A school bus packed with boxes of canned goods, frozen turkeys and the Mont Pleasant Middle School Student Council navigated the maze of streets around the school on Thursday.
Traveling down Bridge Street to Crane Street and Second Street, the bus stopped at 20 homes, as students trickled out and hefted the boxes to front doors. Greeting each person they visited, the students piled back into the bus and headed to the next stop, checking off a list of addresses.
“It’s probably going to be enough for the next couple of months,” seventh-grader Brian Kuder said of the food that was delivered to each home.
Kuder started the seasonal food drive last year. This year, the effort was met with even more excitement – and more food donations to the school.
“I would like to tell the students I’m very appreciative of everything they’ve done,” said Jackie Gentry, who has a seventh-grade son at Mont Pleasant Middle School and has lived in the neighborhood for more than 20 years. Her house was one of the first stops of the day.
“They need more programs like this to teach the kids there’s a better way … a lot of people are struggling, and [the students] are doing things that are righteous and good," Gentry added.
Last year, the food drive garnered around 300 cans of food. This year's drive started with a goal of collecting 1,500 cans of food, but students got around 2,300, as well as boxes of vegetables, pasta, rice and other kitchen staples. There were also 18 turkeys and two hams donated to the program.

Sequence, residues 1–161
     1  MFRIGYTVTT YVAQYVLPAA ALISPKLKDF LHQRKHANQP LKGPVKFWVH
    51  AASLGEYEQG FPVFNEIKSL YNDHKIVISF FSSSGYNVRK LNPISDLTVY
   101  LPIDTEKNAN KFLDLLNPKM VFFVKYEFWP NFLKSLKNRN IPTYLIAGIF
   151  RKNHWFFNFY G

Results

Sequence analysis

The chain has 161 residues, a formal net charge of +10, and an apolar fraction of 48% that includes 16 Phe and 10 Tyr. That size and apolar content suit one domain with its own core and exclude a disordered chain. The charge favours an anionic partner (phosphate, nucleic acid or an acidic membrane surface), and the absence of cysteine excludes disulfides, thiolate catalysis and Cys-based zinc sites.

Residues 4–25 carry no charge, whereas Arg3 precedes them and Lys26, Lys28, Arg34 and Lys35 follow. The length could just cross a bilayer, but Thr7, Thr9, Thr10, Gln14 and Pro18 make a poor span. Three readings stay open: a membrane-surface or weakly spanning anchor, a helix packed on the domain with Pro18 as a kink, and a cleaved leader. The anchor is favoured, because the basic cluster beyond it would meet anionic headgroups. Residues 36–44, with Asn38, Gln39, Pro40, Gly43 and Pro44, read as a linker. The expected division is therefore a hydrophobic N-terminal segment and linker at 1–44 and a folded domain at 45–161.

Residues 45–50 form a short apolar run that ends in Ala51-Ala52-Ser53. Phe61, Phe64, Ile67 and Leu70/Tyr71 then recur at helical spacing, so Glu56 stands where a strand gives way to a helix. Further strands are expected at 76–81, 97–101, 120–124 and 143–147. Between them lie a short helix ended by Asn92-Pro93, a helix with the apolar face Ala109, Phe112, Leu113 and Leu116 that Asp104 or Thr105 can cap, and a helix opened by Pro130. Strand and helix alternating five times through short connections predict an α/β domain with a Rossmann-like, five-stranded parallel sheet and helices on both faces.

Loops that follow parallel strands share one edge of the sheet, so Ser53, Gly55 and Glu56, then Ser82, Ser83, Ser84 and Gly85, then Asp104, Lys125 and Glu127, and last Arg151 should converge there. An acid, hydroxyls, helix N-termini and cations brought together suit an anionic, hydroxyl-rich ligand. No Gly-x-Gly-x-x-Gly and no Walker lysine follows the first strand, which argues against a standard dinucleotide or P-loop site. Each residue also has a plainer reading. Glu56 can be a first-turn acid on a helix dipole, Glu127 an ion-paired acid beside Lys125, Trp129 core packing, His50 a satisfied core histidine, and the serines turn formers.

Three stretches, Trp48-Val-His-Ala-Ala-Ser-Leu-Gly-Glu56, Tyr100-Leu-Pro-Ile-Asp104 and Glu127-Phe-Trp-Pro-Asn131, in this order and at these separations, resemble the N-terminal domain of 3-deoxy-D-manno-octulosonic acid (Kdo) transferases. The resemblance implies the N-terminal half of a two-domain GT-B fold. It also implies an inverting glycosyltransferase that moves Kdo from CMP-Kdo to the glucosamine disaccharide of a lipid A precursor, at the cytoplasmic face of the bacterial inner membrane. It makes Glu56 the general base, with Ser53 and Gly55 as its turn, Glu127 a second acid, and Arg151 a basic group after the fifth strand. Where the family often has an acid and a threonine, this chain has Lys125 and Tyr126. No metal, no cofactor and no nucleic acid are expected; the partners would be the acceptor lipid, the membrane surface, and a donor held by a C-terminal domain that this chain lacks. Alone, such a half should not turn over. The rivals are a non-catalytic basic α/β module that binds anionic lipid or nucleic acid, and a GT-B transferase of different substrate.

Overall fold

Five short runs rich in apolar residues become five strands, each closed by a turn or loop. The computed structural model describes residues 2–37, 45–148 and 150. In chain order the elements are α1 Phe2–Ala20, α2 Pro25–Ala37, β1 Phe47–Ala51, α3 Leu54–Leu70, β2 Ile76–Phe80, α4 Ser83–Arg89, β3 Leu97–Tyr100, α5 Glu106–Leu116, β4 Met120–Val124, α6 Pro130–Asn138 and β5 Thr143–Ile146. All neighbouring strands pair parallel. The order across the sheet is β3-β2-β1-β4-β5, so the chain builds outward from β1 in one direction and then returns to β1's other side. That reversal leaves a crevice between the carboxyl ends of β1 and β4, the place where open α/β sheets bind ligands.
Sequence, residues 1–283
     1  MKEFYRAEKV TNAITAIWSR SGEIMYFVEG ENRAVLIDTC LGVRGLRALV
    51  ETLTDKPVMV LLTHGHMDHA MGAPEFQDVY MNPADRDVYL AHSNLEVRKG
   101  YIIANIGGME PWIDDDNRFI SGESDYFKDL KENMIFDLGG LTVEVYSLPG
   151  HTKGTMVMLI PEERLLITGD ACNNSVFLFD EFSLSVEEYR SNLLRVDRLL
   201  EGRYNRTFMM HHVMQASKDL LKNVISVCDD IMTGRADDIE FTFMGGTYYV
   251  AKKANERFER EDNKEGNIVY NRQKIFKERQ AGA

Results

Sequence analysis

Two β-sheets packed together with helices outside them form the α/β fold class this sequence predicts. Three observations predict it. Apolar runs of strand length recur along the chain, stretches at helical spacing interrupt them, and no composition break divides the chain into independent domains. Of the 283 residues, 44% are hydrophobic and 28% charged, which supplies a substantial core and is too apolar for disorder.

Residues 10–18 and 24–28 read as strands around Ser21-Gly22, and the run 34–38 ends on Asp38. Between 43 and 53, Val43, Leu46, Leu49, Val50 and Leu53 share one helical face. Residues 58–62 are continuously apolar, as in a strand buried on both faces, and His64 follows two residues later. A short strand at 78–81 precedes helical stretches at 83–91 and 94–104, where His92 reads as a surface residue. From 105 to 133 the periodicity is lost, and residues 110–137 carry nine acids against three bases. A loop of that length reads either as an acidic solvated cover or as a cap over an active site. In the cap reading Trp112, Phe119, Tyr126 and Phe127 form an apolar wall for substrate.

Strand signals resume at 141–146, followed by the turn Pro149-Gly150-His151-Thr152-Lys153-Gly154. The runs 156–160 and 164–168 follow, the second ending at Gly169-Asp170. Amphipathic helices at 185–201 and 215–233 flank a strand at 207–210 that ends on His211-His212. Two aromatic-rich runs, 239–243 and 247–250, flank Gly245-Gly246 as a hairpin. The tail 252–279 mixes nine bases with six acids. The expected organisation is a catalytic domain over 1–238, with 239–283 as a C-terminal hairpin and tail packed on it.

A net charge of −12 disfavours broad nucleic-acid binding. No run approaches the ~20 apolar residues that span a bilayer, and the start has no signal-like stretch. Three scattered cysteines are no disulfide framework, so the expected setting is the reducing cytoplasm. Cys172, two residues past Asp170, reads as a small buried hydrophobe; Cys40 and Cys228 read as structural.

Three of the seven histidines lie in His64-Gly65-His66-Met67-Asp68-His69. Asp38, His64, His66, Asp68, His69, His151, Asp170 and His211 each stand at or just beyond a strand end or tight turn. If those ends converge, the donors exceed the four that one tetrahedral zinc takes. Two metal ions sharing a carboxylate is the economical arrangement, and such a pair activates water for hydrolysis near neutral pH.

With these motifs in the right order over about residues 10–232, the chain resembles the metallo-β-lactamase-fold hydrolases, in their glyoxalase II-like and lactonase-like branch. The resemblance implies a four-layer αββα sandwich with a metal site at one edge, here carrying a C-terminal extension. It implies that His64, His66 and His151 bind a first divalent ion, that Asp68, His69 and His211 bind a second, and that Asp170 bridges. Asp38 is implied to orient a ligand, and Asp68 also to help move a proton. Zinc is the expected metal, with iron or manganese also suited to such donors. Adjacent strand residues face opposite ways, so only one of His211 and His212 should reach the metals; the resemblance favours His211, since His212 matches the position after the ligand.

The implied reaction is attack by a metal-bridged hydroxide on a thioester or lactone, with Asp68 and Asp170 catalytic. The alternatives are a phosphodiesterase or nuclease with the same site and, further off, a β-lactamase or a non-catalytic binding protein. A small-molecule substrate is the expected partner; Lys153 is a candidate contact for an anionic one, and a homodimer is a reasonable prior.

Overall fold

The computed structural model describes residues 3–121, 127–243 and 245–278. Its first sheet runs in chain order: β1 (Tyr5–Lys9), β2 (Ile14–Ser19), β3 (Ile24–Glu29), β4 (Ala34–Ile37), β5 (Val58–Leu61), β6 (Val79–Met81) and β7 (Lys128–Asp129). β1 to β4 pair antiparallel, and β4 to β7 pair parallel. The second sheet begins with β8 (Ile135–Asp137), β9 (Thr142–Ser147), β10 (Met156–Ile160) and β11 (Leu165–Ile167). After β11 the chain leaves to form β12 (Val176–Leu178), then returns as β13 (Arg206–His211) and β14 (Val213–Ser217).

Next year, the Student Council has an even more ambitious goal.
“Our goal is 3,000 [cans],” said sixth-grader Toshani Somwaru.
The school’s parent liaison, Anna Robinson, helped pick the 20 homes to receive the donations -- many of which have kids at the middle school -- and joined the students for the drop-offs. Student council adviser Angela Suflita also helped with deliveries, though students themselves organized the entire effort, she said.
“They took this and just ran with it,” she said.
The students discussed ideas to gather more donations next year and reflected on how this year's drive went. They said they did a better job of turning the program into a competition: The first-floor sixth-grade class won by collecting the most cans.
“One person saw a child bringing in stuff, so the other child brought something in,” said seventh-grader Parmesh Thakoordial.